Conservatives take on Trudeau brand in attack ads

The Conservatives’ ads attacking Justin Trudeau are: Pundits and pollsters alike weren’t the only ones predicting weeks ago that Justin Trudeau was a shoo-in for the Liberal leadership – so too, it would appear, were the Conservatives. The website that’s home to the widely anticipated Conservative campaign against the new Liberal leader was registered March […]


Pundits and pollsters alike weren’t the only ones predicting weeks ago that Justin Trudeau was a shoo-in for the Liberal leadership – so too, it would appear, were the Conservatives.

The website that’s home to the widely anticipated Conservative campaign against the new Liberal leader was registered March 22, three weeks before Sunday’s vote.

By Monday, the site JustinOverHisHead.com included three separate attack ads, links to a related Facebook page, and a Tory fundraising pitch.

The ads began appearing on television with hours of the Sunday night announcement that Trudeau had won the leadership; by mid-day Monday, thousands more people had seen them online.

But just as the online world giveth, it taketh away: as soon as the Conservatives posted the ads casting doubt on Trudeau’s judgment and experience, fact-checkers online were doing something similar to the ads themselves.

The ads show footage taken from a 2011 bachelor-auction fundraiser in which Trudeau is seen dancing on a stage and suggestively removing his shirt, while playful music tinkles in the background.

In one, Trudeau’s resume is highlighted alongside that of Prime Minister Stephen Harper; another takes issue with comments Trudeau has made in the past about Quebec.

The goal of the ads is to weaken Trudeau’s personal brand, said Alex Marland, a political science professor at Memorial University in St, John’s, N.L.

“This comes through in many ways: mention of being born with a famous name, the visuals of a sexy fashion show, the snickering style of the announcer, the use of merry-go-round background music, and the choice of a Tinkerbell-like moving font and sound in the closing moments,” Marland said.

The images used in the ad were traced back to a fundraiser for the Canadian Liver Foundation. Their use prompted immediate objections.

“The video clip was taken from The Huffington Post Canada without our permission or knowledge,” said Brodie Fenlon, the website’s managing director of news. “We are making our concerns known to the Conservative Party of Canada.”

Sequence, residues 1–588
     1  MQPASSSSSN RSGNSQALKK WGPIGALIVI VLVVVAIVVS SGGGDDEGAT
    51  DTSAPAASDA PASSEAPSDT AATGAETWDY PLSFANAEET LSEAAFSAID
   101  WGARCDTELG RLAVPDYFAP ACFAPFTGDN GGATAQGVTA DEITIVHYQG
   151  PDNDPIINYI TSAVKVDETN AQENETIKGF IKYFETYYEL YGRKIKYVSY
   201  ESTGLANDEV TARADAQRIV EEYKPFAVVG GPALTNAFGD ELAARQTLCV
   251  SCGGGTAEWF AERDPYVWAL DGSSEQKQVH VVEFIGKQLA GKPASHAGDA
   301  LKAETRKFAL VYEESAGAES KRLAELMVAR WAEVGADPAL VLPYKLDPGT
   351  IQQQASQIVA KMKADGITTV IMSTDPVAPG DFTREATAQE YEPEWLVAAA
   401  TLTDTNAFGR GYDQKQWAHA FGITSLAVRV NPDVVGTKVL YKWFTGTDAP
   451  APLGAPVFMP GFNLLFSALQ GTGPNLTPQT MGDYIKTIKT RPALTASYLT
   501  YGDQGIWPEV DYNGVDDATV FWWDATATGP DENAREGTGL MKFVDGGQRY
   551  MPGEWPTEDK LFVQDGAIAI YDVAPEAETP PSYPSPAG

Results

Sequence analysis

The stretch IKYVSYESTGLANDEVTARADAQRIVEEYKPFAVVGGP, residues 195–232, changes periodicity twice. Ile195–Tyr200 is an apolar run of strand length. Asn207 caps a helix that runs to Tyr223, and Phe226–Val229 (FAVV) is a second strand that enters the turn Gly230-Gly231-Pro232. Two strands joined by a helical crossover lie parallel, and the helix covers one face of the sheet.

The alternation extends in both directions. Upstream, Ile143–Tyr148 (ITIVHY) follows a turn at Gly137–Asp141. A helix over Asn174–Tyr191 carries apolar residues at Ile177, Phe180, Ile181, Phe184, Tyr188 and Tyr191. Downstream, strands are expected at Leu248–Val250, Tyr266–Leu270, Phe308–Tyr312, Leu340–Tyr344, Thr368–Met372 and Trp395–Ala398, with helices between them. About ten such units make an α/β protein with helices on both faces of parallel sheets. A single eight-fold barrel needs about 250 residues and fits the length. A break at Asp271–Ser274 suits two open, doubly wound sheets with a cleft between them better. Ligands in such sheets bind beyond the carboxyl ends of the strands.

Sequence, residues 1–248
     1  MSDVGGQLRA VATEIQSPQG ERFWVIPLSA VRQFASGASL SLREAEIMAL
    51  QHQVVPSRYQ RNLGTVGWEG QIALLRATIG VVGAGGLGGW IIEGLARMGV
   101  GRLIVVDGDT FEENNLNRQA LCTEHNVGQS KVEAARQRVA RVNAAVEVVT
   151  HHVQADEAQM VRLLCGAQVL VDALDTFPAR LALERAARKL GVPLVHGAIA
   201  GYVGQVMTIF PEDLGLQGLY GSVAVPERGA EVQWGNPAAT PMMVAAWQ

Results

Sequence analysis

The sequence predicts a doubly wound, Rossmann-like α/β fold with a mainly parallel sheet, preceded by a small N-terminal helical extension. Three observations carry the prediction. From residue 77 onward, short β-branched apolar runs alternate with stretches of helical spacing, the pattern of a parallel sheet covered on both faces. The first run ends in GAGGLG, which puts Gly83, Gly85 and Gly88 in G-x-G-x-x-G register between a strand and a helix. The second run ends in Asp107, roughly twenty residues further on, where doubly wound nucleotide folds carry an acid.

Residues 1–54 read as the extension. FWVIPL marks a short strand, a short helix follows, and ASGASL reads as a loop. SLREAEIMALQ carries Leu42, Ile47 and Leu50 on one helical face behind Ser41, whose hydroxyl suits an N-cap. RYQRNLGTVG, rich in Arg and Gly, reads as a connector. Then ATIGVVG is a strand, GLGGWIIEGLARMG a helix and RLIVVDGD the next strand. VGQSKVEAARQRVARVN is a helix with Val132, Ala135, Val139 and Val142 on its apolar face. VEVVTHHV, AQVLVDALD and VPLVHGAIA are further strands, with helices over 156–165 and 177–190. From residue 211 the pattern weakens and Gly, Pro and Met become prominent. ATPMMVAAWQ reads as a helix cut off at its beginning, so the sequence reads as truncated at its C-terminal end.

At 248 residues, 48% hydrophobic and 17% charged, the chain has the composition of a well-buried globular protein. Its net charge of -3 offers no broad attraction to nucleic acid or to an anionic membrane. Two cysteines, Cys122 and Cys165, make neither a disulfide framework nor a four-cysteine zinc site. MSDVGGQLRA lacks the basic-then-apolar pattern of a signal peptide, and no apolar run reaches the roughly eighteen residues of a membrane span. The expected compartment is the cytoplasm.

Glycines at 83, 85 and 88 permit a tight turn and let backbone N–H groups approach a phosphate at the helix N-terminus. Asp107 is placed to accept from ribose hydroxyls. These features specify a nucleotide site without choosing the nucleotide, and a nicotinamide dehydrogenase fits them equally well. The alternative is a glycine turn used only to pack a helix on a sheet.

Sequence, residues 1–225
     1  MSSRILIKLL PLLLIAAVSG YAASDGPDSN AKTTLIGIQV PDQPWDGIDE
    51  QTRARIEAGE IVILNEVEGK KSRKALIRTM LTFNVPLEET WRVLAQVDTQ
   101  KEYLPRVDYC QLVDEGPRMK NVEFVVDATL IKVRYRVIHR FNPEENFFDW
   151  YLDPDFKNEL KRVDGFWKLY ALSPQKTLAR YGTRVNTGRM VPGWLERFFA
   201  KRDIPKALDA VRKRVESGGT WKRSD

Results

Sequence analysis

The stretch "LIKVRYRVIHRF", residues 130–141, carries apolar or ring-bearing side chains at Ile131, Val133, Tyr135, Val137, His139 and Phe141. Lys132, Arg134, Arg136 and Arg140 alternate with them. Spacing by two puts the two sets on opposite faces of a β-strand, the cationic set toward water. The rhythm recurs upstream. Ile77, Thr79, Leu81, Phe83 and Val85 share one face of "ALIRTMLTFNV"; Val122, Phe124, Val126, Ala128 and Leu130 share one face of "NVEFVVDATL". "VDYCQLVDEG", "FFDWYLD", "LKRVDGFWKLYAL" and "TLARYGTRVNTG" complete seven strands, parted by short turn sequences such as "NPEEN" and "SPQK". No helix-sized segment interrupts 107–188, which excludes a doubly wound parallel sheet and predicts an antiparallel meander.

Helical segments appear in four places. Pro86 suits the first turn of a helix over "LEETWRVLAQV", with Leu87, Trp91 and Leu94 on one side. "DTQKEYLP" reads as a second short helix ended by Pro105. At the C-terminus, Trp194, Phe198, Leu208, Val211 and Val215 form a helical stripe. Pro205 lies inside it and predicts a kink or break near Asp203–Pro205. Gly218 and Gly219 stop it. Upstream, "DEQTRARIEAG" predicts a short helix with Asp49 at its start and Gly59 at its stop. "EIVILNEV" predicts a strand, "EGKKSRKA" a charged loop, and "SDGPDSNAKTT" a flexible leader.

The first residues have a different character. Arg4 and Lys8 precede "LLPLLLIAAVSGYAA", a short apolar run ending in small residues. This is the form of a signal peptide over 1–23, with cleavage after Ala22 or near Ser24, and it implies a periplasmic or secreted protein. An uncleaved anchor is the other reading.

The party did not return an e-mail seeking comment.

“We expected attacks, but we didn’t expect even them to attack (Justin Trudeau) for raising money for cancer research,” Gerald Butts, one of Trudeau’s chief advisers, wrote on Twitter.

The English ad about Quebec uses clips from an interview Trudeau gave to CTV in 1999.

“Quebecers are better than the rest of Canada, because, you know, we’re Quebecers or whatever,” a young Trudeau is shown as saying. The narrator describes the comment as a display of poor judgment.

The full CTV segment, a link to which quickly circulated online, suggests Trudeau was actually talking about his father.

“His philosophy, certainly as he passed it on to us, has always been, you know, Quebecers are better than the rest of Canada, because, you know, we’re Quebecers or whatever,” Trudeau says in the segment.

Jonathan Rose, a political science professor at Queen’s University in Kingston, Ont., suggested that if that ad were subject to advertising standards, it would fail because of its misleading nature.

Overall, the ads build on similar efforts by the party in the past to take down other Liberal leaders, most notably Stephane Dion and Michael Ignatieff, Rose said.

“These are negative ads, but negative ads need not be bad,” Rose said.

“If they are directed at making sharp distinctions between policy positions, they might help electors. These do not. They are ad hominem and personal.”

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